By the 21st Century nearly 100,000 spectators and participants attended the popular annual schools showcase of Māori and Pacific Island dance. In 2016 Māori Television provided coverage of the Māori Stage. In 2017 there were 50 30-minute episodes, hosted by Sonny Ngatai (presenter of Hahana). They featured performances and interviews with rangatahi by Puawai Taiapa and social media names the Cougar Boys and Chardé Heremaia. The 2017 theme was 'Me Poipoi te Rangatiratanga i tona Ahurea – Nurturing Leadership Through Culture'.
The concept behind 2016 Māori Television talent show The Stage: Haka Fusion was to combine traditional kapa haka with contemporay dance disciplines like hip hop and ballet. Contestants competed for a prize purse of $50,000. Produced in-house by Māori TV, Haka Fusion was fronted by Rotorua actor and teacher Kimo Houltham. The first series was won by World Champion hip hop dance crew Identity Dance Company. They were given a wild card lifeline into the finals by the four judges, after their initial routine failed to meet the show’s criteria: it didn’t feature enough kapa haka!
The colourful world of competitive kapa haka is the backdrop for this comedy/drama. The Ring Inz captures conflict and aroha for a hapless group of competitors trying to get it together for the national champs. Directed by onetime kapa haka performer Mahanga Pihama (Kia Ora Hola) for Enter the Dragon Productions, the seven-episode series debuted on Māori Television on Thursday nights. The cast mixes new talents with familiar screen faces like Hori Ahipene and Katie Wolfe (who originally joined the show as one of the writing team).
The annual interschool celebration of Māori and Pasifika dance began in 1976 at Hillary College in Otara. By the 21st Century, nearly 100,000 spectators and participants attended and it was sponsored by ASB. Over the years Polyfest was covered by both the news, and specialist shows like Tagata Pasifika and Marae. Full coverage was first taken on by Front of the Box Productions in the 2000s; later it went back to TVNZ's Māori and Pacific Programme section, followed by Tikilounge Productions. Coverage of the kapa haka stage was picked up by Māori Television.
This 2016 Māori Television series mixes history and the action stylings of 300, The Dead Lands and kung fu movies, to dramatise pre-Pākehā Māori martial arts and those who practised them. As the publicity put it: "ancient heroes of yesteryear, re-discovered, re-examined and re-imagined". The anthology series was created by Rangi Rangitukunoa, and choreographed by kapa haka champ Wetini Mitai-Ngātai. Nine 30-minute episodes were made. Kairākau was praised by Duncan Greive on website The Spinoff, for evoking "a pre-colonial New Zealand in a convincing and evocative style."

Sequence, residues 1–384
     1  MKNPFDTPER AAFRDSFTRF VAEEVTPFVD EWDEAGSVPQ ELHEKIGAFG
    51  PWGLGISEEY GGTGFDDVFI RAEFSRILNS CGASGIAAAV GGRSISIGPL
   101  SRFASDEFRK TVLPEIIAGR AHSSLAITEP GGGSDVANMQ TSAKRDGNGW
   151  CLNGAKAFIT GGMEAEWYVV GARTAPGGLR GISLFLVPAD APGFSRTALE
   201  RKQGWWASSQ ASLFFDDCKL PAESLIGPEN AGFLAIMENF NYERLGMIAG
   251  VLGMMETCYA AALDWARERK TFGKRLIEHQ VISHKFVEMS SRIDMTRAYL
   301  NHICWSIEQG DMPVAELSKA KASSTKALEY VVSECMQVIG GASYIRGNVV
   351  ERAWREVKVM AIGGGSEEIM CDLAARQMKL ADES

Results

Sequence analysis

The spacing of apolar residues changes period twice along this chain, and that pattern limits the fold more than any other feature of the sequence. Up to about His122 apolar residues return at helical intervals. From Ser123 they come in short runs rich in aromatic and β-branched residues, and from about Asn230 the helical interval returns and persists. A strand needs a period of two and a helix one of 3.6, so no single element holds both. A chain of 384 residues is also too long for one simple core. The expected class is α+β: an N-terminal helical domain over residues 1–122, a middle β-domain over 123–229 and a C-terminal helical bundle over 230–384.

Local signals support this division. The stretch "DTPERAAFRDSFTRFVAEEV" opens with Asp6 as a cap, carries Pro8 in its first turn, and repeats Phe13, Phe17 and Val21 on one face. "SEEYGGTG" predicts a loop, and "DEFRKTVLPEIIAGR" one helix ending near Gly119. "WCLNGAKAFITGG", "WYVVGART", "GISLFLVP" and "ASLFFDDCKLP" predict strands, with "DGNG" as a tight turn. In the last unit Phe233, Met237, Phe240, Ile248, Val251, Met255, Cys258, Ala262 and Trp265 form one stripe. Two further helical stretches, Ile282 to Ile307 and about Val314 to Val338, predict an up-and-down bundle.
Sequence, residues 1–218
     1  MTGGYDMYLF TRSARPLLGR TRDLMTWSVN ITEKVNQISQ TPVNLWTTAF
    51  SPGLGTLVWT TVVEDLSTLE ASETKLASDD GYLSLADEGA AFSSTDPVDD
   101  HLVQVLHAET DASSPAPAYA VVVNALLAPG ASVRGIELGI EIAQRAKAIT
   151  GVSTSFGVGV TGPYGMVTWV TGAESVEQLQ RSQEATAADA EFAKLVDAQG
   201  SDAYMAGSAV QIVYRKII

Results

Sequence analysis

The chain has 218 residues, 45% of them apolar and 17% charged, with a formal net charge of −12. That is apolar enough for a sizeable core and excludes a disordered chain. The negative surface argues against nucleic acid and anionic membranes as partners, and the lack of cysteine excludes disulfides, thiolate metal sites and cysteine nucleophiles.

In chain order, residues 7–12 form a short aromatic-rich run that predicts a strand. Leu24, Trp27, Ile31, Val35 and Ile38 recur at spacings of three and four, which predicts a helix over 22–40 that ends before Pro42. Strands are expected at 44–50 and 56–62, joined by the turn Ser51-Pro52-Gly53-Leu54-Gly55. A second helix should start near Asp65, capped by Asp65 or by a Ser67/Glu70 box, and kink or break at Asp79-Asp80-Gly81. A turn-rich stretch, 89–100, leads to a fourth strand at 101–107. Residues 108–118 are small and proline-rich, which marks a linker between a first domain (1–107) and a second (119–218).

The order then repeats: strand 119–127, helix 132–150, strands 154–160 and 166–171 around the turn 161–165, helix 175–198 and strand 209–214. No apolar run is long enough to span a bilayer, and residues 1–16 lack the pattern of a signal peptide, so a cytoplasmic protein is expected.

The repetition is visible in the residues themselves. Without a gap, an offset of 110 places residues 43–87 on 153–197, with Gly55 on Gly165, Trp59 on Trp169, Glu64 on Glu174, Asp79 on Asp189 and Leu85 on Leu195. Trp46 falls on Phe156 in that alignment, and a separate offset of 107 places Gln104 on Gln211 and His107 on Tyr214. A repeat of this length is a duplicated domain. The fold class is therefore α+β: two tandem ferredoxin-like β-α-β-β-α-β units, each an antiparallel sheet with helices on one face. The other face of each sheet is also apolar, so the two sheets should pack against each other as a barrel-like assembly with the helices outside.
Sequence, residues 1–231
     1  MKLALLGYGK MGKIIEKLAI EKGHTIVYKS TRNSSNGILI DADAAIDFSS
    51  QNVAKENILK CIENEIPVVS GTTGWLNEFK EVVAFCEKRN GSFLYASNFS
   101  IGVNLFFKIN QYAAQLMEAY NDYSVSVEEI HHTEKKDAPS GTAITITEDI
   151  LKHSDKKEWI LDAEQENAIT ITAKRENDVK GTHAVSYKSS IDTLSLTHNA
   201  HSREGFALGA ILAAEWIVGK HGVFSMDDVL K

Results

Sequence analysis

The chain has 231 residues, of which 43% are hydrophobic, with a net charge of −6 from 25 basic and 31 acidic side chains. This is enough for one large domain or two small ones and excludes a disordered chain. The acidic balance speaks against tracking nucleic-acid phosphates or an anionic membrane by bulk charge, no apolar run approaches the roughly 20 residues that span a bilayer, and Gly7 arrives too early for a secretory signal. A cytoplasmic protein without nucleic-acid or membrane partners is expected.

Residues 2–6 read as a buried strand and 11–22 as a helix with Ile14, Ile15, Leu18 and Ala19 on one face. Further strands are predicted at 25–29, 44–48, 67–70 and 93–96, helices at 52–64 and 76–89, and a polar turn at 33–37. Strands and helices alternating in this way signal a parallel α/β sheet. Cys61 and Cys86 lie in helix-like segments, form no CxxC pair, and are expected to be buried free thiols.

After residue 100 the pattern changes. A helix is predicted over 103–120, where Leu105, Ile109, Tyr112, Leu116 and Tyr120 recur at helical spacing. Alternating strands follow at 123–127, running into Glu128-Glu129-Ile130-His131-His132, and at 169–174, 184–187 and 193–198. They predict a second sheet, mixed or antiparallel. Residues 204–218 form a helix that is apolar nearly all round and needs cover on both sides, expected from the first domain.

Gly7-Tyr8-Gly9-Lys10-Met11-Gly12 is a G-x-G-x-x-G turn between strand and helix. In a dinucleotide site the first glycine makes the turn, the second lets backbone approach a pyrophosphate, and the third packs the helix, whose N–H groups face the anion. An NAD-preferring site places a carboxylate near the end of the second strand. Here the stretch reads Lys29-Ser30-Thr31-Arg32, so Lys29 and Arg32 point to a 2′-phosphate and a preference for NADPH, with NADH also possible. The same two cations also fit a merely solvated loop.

In this Māori Television series, young people aged from nine to 26 are armed with iPhones and given professional storytelling workshops, so that they can tell their own stories. The slices of life as a young Māori in the early 21st Century include sport, travel, fitness routines, pancake cooking, diet and fashion tips, kapa haka, and swimming with whales. Four series have been produced by Raukatauri Productions to date. Some of those who contributed to early episodes have stayed in screen work —including all-rounder Ngawaero Maniapoto, and actor Te Kaha Jonathan.
Snapchat meets kapa haka in this acclaimed 2016 Māori Television series. Co-created by actor Cliff Curtis, the Rotorua-set drama follows Piki Johnson (Hinerauwhiri Paki) as she negotiates being a teenager. The cast mixed rangatahi and screen veterans (eg Temuera Morrison). Scriptwriters included Briar Grace-Smith and Victor Rodger. Eight 30-minute episodes were made by the team behind hit show Find Me a Māori Bride. Director Kiel McNaughton told The Spinoff: "what we were trying to achieve was the first soap drama from a Māori perspective."
Launched in 1992, Marae is the longest running Māori current affairs programme. It aims to keep its audience in touch with the issues — political or otherwise — that affect Māori, and explain kauapa Māori from a Māori perspective. The Marae Digipoll is seen as a respected barometer of matters Māori. Marae was relaunched briefly in October 2010 as Marae Investigates, presented by Scotty Morrison and Jodi Ihaka Marae (and later Miriama Kamo) . Screening on TV One, Marae is presented half in english and half in te reoi. It is now made by company Pango Productions.